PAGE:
Signup to receive email updates
- Home, Yard, & Garden Newsletter article from 7-20-15
- Home, Yard, & Garden Newsletter article from 6-22-15
- White Grubs
- Japanese Beetles and Silk Clipping: New Research on an Old Foe
- Japanese Beetles – lower numbers this summer!
- Japanese beetles survived the winter, now what
- Japanese Beetle Update by Dr. Phil Nixon
- Japanese Beetle Factsheet - Utah State University
- Japanese Beetle Myth Information
- Japanese Beetle Q&A by Minnesota Extension
- University of Illinois Extension Home, Yard, and Garden Pest Newsletter
- Japanese Beetle and Look-alike Pictures
- Request a speaker
- University of Illinois Extension Field Crop IPM information
- ILRiverHort Blog - Ferree's Horticulture Blog
- July 2015 (1)
- June 2015 (1)
- September 2014 (1)
- July 2014 (3)
- June 2014 (2)
- July 2013 (1)
- June 2013 (8)
- May 2013 (1)
- July 2012 (1)
- June 2012 (19)
38 Total Posts
follow our RSS feed
Saturday, June 15, 2013
Invasion of the Japanese Beetles – it sounds like a horror movie title, but is reality for most people living in central Illinois. Japanese beetle adults are present in high numbers and devouring leaves for about 6 weeks from mid-June into August. After mating and feeding females lay eggs in moist, actively growing lawns. Eggs hatch into large "C" shaped grubs that feed on plant roots. In fall grubs burrow into soil. Next year they form adults and start the vicious cycle again.
Rhonda Ferree, Horticulture Educator with University of Illinois Extension, reports that her nine extension offices are receiving numerous calls about this pest. Based on those calls, Rhonda shares answers from fellow horticulture educator Sandy Mason to some frequently shared myths about Japanese beetles.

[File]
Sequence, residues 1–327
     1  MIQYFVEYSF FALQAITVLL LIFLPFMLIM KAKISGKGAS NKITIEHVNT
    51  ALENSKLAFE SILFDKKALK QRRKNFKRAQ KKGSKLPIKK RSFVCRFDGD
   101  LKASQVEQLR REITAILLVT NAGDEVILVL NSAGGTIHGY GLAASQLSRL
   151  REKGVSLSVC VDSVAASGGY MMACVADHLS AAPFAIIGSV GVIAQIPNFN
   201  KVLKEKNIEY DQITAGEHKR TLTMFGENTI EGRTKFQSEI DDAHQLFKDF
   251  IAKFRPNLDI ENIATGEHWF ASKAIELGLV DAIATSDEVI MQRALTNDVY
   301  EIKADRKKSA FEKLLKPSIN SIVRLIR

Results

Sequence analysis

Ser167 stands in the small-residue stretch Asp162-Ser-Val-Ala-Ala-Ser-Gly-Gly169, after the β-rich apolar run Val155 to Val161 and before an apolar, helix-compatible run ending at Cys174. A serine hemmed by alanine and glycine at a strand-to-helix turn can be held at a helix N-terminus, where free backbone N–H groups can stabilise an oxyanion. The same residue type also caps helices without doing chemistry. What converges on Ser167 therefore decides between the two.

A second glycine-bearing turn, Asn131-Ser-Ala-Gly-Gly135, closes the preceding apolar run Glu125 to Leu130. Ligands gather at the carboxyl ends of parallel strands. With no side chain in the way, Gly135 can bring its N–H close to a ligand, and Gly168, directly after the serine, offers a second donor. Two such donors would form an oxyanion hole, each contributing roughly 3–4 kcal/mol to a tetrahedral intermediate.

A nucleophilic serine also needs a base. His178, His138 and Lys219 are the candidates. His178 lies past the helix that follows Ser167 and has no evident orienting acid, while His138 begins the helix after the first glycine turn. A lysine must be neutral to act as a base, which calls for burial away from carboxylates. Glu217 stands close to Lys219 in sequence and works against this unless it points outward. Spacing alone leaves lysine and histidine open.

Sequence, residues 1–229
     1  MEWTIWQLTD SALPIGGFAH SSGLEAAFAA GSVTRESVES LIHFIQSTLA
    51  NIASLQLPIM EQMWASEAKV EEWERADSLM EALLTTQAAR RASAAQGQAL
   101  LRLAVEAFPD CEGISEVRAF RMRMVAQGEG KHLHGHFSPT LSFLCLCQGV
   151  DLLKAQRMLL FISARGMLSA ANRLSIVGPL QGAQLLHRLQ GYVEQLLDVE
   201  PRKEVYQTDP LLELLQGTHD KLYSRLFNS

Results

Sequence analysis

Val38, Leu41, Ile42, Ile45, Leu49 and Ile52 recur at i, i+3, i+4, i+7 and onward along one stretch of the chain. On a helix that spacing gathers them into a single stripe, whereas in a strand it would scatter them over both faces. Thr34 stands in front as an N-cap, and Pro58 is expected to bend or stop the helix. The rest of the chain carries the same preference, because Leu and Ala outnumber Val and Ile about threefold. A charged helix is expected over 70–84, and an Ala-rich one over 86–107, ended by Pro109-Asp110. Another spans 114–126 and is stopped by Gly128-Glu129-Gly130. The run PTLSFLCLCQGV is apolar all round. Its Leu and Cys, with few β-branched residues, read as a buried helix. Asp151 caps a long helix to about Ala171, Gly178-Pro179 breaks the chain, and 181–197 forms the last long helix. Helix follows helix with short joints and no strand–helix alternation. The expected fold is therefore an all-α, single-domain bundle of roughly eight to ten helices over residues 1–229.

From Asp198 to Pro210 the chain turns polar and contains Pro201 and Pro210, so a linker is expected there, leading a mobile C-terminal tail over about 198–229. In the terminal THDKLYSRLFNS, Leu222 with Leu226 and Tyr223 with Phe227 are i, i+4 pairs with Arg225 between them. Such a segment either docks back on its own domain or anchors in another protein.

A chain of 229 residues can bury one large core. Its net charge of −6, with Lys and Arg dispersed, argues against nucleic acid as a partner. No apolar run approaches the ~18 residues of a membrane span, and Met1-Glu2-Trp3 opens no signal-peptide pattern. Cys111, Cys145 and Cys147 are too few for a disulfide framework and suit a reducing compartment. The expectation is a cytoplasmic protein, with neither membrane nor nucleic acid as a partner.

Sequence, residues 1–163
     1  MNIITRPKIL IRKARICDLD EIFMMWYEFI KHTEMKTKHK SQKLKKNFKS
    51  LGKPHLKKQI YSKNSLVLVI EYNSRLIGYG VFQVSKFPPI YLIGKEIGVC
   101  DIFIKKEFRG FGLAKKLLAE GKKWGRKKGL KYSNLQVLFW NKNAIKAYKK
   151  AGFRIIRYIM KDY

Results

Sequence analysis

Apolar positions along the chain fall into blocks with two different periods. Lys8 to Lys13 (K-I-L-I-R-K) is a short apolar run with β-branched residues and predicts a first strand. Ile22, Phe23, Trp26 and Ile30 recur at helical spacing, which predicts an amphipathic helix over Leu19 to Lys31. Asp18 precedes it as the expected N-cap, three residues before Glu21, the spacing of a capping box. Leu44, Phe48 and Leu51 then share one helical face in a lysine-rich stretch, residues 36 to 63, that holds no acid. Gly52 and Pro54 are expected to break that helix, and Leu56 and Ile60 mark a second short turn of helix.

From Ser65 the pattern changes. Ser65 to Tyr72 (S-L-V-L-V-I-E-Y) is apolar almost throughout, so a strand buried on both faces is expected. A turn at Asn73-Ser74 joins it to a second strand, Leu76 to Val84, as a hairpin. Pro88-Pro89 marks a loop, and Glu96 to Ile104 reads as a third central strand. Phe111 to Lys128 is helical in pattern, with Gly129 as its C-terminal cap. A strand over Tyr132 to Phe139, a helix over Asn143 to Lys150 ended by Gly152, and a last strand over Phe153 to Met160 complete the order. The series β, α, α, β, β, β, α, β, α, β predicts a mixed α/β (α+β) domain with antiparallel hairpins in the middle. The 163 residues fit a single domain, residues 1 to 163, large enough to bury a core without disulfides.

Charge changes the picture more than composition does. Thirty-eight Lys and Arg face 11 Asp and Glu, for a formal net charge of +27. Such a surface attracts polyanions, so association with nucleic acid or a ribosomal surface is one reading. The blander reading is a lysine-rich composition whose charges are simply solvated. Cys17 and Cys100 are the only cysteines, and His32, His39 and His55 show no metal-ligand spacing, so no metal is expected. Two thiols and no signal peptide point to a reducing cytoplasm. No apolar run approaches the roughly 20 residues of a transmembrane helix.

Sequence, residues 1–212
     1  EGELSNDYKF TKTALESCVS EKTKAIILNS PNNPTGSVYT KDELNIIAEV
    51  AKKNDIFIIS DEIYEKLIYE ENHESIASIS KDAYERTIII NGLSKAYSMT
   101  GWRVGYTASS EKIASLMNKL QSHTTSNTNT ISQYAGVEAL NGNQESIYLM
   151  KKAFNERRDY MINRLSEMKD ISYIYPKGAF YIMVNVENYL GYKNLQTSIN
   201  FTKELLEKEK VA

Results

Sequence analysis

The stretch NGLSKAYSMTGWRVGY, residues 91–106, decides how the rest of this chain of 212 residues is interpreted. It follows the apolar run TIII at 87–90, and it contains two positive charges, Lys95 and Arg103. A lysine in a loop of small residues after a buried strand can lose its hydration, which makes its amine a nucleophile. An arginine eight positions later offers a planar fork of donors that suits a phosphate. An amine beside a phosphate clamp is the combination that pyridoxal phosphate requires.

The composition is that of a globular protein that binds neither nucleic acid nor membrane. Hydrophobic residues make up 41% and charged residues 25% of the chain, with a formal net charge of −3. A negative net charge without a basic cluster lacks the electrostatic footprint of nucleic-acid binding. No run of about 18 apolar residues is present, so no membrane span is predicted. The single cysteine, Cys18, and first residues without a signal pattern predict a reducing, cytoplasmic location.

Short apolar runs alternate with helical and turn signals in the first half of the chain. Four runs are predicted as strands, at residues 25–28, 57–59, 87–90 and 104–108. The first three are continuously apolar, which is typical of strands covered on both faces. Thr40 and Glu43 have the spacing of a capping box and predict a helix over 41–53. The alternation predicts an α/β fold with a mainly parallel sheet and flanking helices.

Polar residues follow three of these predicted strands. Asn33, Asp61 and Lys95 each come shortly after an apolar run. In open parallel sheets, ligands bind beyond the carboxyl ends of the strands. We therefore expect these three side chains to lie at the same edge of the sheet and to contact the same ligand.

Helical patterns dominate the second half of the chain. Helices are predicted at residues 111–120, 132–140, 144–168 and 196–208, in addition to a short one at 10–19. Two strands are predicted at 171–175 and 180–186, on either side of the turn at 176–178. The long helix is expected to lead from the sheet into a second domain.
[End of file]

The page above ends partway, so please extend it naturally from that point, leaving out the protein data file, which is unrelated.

Myth #1: Japanese beetles will go away in a few years.
As with all insects their populations cycle from high to low numbers. It is doubtful they will ever completely go away. Weather conditions such as cold winters and dry falls more than likely determine the cycles. The eggs and young grubs can be killed in dry soils. Therefore stopping or reducing irrigation during July can result in fewer grubs as long as there is little rain. At least it's one good thing about drought.
Myth #2: Control the grubs and you will not have Japanese beetle adults.
Unfortunately controlling Japanese beetle grubs does not significantly reduce the number of adult beetles in your yard the following year. The beetles are good fliers and easily fly a couple miles in a single flight. They may travel 10 to 15 miles from where they lived as grubs.
Myth #3: Milky spore will control Japanese beetle grubs.
Yes and no. Many variables are involved with bacterial milky spore. It has been effective in some areas and not in others which may be due to soil conditions, product variability, or grub resistance. It can take 2-3 years for spores to build up in soil. Milky spore is only effective against Japanese beetle grubs and does not kill other turf damaging grubs.
Myth #4: Japanese beetle traps are effective controls.
Japanese beetle traps do an excellent job of attracting, but not a good enough job at trapping. The majority of beetles are attracted but not caught in the traps according to research at the University of Kentucky. Therefore plants can suffer more damage with traps than if no traps are used at all if the plants live along the beetles' flight path or around the traps.
Myth #5: My tree will die if the beetles eat all its leaves.
Woody plants can tolerate some feeding and many will releaf once the beetles are gone. Woody trees and shrubs usually can tolerate three years of significant feeding before showing visible signs of decline.
Rhonda Ferree and Matt Montgomery, Local Foods and Small Farms Educator, developed a website with Japanese beetle information about for homeowners and agricultural producers. Go to http://web.extension.illinois.edu/fmpt and click on the Japanese Beetle News link in the lower right column. You can post questions there or on Rhonda's facebook page at www.facebook.com/ferree.horticulture.
Source: Rhonda Ferree, University of Illinois Extension educator, horticulture, (309)543-3308, email@example.com
Adapted from article by Sandra Mason, Extension Educator, Horticulture, firstname.lastname@example.org